NEWTOWN — The school board, meeting on Tuesday, August 23, named Brian Walsh vice-principal of Newtown Middle School, effective September 27.
They also received a presentation of the proposed strategic plan from Richard Lemons, EdD, of Partners for Educational Leadership.
He described his nonprofit organization as providing a range of services to school districts, including professional development and systems review as well as strategic planning.
Given observations of strategic planning after providing services to school districts across the country, Dr. Lemons said typical flaws include a focus on completing the planning process, which hampers creative thinking. .
Some planning documents are comprehensive in scope with no focus, some are owned by a small number of leaders and therefore not supported by the school community, or focus on many issues beyond the classroom.
He cautioned against spending time on the plan and not on how it should be used, drawing an analogy to planning a wedding but not the wedding, noting that many school districts pay attention to capacities that need to be strengthened to support the strategies.
The guiding beliefs of Partners for Educational Leadership are that a strategic plan is not just a document, and that the concept should be a system of behaviors, processes and discipline, as the district designs systems and routines to link vision improvement efforts, build capacity, and provide feedback to improve the work.
Dr. Lemons presented a proposal for a planning process that begins with taking stock to identify areas that are working well and need improvement. “It will help create a playing field.”
Then he said the identification of artifacts and a portrait of the graduate would move into an articulation of where the district is headed and what it will take to get there.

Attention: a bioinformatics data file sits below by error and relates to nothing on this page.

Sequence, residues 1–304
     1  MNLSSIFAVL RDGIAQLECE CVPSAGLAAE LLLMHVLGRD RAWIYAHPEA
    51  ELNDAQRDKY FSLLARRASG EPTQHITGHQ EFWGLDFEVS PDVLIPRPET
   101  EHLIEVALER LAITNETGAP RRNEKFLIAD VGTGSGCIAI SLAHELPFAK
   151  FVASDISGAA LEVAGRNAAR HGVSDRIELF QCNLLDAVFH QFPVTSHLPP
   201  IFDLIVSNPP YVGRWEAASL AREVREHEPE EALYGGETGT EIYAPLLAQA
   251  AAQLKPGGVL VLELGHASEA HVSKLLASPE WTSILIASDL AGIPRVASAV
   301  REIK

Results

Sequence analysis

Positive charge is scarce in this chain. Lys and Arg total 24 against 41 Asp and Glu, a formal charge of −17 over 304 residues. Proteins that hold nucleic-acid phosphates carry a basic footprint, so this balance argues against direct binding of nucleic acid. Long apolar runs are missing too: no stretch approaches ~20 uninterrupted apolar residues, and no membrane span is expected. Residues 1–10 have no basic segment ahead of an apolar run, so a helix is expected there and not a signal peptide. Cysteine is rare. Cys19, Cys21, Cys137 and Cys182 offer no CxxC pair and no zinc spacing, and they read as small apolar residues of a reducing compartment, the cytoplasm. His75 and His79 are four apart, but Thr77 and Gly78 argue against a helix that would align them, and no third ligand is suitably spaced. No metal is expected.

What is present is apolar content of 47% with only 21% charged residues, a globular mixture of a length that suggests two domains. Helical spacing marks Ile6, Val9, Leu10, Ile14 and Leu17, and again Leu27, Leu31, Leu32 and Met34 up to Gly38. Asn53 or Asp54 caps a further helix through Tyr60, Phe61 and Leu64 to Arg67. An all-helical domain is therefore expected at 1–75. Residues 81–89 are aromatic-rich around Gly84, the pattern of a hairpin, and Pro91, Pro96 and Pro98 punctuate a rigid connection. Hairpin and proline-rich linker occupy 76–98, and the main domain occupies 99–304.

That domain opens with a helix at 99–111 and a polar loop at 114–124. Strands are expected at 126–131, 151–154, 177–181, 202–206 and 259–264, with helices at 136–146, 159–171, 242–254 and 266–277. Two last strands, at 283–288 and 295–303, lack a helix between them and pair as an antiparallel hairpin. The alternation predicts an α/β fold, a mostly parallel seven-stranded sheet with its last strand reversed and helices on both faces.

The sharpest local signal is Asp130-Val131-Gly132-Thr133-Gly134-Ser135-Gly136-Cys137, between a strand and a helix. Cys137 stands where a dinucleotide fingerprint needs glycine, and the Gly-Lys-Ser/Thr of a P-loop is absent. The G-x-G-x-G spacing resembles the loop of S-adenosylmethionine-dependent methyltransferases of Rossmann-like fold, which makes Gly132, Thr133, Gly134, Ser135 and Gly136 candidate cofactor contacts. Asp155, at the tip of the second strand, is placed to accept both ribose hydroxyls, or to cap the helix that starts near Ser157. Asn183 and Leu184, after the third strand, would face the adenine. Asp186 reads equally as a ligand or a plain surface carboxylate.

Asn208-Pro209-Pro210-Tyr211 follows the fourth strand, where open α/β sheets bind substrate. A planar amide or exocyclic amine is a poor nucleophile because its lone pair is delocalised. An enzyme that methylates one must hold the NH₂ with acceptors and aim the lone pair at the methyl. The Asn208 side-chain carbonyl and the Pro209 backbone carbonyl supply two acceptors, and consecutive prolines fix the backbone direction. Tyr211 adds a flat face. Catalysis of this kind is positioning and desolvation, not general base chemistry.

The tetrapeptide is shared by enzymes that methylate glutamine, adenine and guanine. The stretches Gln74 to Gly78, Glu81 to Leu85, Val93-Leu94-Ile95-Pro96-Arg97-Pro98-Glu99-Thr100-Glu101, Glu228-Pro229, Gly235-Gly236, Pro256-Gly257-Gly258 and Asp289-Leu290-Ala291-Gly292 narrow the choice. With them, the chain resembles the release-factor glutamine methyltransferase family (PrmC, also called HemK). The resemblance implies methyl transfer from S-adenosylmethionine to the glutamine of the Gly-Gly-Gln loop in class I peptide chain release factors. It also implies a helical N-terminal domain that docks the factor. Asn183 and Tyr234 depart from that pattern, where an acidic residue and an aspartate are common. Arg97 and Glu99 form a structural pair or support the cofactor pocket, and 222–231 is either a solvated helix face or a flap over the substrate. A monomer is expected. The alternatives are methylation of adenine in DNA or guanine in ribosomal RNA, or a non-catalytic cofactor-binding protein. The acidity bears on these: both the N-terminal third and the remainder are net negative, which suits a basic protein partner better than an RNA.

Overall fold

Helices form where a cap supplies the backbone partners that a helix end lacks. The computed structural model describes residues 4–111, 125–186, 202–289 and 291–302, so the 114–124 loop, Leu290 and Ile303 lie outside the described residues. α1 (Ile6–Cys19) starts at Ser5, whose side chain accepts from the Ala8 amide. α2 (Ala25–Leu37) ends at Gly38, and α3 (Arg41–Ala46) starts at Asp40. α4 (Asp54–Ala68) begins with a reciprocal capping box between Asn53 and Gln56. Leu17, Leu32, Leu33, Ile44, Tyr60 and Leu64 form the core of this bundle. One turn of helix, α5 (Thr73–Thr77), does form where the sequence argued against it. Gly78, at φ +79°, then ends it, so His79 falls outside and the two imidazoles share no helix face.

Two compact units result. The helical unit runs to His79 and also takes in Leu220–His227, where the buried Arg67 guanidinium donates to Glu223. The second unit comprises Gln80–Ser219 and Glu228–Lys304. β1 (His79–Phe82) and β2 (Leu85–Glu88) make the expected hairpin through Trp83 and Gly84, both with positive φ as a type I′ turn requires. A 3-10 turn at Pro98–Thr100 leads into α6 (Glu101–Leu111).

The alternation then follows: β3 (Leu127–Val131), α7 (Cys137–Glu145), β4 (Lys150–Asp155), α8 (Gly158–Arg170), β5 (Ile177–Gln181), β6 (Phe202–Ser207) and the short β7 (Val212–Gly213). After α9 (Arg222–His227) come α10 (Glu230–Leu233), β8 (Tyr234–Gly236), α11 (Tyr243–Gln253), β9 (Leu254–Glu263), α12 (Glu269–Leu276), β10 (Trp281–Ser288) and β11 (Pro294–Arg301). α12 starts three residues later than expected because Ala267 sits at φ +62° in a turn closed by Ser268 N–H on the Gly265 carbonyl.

Creating vital signs will help the community and educators know if strategies are working and if adjustments need to be made.
The phases would run throughout the academic year.
Dr Lemons described the board of education as the ultimate decision-maker, able to contribute ideas and advised by a working group.
Superintendent Christopher Melillo said he was asked to improve student achievement when he took the job. “We won’t be able to do this unless we have a clear path, unless we get feedback from our stakeholders, unless the community comes together and puts a plan in place.”
He has worked with Dr. Lemons in the past and will share a work proposal with the board.
The board will take action at a future meeting.
During the meeting, the board approved a one-year foodservice contract, awarded to Chartwells Schools Dining Services.
The free or reduced meals for all program is extended for several months.
Chair Deborra Zukowski noted that families should apply for the free or reduced meal program before the Oct. 12 deadline to avoid a possible service disruption as the for-all program ends.
Superintendent Christopher Melillo said the free-for-all program has been in place for more than two years and an effort will be made to reach out to families to ensure eligible families receive this benefit.
In other business, the board unanimously approved a request to transfer unspent funds from the 2021-22 budget for the deposit of $239,879 into the permanent account.
Chief Business Officer Tanja Vadas described the end of the 2021-2022 fiscal year, noting an increase in employee participation in the district’s defined contribution pension plan.
New employees are not eligible to participate in the defined pension plan.
The school district realized savings in special education testing services as well as savings in staff training.
There are transport credits due to the shortage of drivers and the subsequent reduction in bus routes.
There was an unexpected oil bill at Head O’Meadow School and furniture was needed for staff and students at Hawley Elementary School when they moved for the upcoming school year to leave the building available for contractors working on ventilation and HVAC systems.
The year-end balance of $237,879 represents three-tenths of a percent of the total budget.
The legislation defines the use of the permanent account, which can be used by a school district to bank unused funds at the end of a fiscal year so that the money can be used for educational purposes in the future rather than to be returned to the city. .
The Rectorate makes the deposit request; the city can approve the request and the total maximum allowed for the deposit in the permanent account is 2%.